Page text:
Lisa Hallberg, a Software Engineering Manager at Relativity, cautions it may be best to add some real-world interactions to any online learning course. “While in-person is best, Agile can be learned online. Given the current state of remote work, most courses are online right now. Online learning without human interaction may leave gaps for interpretation, so I recommend online learning in conjunction with a coach or mentor who you can connect with on a regular basis.”

What are the best courses for Agile training?

Chris Alexander, Director of Agile Delivery and Enterprise Agile Coach at EXPANSIA, has a great list of Agile resources:

Scrum Alliance and Agile Alliance have a robust course schedule for training newcomers in Agile systems and frameworks. Mountain Goat Software is also a highly credible and well-established source for information and inspiration for both newcomers and experienced Agile practitioners, alike. There are online workshops for eXtreme Programming practices and tools, community groups in Slack – and of course no shortage of certified trainers and vendors searchable through Google.

“For Agile coaches, there are globally recognized bodies such as ICF (International Coaching Federation) with courses on basic coaching practices as well as professional certification tracks, while ICAgile has a robust set of training courses, broken up by proficiency area, and all relating to agile (for both coaches and engineers).”

What Agile courses should I avoid?

“There are several online training providers who should be viewed with caution,” Alexander continued. “VMEdu offers a PMP-like approach to learning Scrum, and has scaled up to hundreds of ‘classes’ in Scrum for extremely low cost. Unfortunately, you do end up getting what you pay for, and any approach to Scrum—or any Agile methodology—which presents it in a typical project management approach is fundamentally flawed. Agile systems are alternatives to the traditional project management approach.”

Is Agile in demand?

“Agile is certainly in demand,” Hallberg told Dice. “Agility will be expected in cutting-edge companies, if it’s not already.”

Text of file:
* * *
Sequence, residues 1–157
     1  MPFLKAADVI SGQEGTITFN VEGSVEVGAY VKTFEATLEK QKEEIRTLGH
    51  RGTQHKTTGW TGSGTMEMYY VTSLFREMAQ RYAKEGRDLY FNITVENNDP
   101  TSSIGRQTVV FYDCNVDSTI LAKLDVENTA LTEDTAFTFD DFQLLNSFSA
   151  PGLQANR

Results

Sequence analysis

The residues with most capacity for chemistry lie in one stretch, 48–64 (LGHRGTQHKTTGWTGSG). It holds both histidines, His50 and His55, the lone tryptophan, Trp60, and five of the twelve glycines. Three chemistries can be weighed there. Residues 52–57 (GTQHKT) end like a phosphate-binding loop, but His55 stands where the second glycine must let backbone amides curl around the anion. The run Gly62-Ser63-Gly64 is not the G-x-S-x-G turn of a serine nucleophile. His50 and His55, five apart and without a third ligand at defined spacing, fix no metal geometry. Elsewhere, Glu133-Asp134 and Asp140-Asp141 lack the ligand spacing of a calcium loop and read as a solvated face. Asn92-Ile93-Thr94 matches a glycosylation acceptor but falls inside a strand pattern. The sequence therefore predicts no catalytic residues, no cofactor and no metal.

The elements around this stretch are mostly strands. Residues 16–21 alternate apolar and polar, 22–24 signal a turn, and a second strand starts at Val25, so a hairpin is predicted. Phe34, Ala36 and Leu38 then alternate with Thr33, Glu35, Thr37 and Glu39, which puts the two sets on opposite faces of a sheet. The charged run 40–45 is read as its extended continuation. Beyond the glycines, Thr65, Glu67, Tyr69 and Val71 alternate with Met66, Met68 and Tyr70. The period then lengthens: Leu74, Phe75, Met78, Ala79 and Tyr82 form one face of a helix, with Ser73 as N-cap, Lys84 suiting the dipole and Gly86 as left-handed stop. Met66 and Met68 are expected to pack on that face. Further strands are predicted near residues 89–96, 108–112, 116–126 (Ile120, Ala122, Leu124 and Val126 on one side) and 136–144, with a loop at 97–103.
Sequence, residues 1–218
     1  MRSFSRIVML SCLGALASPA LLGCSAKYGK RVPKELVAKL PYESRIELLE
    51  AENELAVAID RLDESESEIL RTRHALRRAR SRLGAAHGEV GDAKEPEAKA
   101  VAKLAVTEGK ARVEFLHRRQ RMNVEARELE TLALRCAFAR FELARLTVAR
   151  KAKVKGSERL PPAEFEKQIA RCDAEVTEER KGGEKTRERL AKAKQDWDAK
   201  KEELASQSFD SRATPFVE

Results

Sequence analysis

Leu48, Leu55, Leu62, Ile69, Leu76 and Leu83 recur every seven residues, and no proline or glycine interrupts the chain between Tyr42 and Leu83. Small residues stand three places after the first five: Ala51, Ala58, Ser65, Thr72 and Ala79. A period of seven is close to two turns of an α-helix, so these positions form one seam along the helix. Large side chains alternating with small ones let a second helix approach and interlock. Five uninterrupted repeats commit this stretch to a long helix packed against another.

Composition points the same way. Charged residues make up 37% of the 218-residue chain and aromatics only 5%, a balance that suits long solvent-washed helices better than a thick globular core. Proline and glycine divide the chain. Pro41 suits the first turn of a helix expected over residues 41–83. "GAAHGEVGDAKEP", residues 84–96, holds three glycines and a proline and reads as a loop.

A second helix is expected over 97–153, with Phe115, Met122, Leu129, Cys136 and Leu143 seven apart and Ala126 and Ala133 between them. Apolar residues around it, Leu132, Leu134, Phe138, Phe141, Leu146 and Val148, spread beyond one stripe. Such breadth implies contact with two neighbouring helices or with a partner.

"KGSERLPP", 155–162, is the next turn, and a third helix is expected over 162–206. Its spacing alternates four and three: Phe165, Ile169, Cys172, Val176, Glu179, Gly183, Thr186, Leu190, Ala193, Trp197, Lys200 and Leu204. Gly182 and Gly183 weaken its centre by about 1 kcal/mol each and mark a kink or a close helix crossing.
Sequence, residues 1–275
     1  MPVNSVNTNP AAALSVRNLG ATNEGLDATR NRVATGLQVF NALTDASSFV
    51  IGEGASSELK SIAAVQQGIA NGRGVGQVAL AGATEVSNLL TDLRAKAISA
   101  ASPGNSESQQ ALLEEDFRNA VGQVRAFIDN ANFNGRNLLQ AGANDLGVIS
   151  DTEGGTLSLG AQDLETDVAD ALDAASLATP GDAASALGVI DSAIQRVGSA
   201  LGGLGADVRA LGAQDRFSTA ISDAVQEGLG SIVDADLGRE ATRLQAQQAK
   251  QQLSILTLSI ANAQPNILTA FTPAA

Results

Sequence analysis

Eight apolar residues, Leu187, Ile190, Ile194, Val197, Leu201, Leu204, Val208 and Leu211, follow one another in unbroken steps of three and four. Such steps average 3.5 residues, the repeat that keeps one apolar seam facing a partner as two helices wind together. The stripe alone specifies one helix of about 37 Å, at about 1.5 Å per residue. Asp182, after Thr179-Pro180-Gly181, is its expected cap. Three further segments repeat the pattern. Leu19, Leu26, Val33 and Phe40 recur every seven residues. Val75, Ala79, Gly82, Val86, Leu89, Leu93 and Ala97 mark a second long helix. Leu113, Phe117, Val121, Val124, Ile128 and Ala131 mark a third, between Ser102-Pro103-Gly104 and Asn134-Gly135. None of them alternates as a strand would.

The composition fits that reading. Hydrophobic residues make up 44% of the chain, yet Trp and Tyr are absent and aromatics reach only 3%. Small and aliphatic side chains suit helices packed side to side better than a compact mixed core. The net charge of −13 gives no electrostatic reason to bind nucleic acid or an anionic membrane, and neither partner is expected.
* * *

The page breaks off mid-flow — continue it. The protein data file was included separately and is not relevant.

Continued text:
Todd added: “It is rare to find management, let alone a development team that would seek to go back to more waterfall-like and less agile ways of working.” 

“Most every software shop wants to be ‘Agile,’” said Dave Hatter of Intrust-IT, “and it can apply to other industries as well.” 

It’s clear Agile is both the present and the future. Most tech companies utilize Agile in some form, and it’s highly advisable you ensure it’s in your skillset. Our panel all agreed that Agile is a must-have skill for any technologist, especially if they want to branch out to other industries or become promotable within their industry.

Most experts caution against free online courses that aren’t widely recognized. Hatter tells us there are free courses with paid exams, though we would caution restraint there, as well. Stott’s point about validating the company providing the training is also salient.


Looking for more resources to help out with your agile scrum/project manager career? Here’s a helpful list of some other Dice posts to help you out:

Agile Certifications: Worth Pursuing for Your Tech Career?

Project Manager Salary and 4 Other Career Questions You Want Answered

Project Manager Interview Questions: 4 Key Topics to Consider

Project Manager Resume Template

3 Responses to “Agile Training: Educational Paths to Follow (and Avoid)”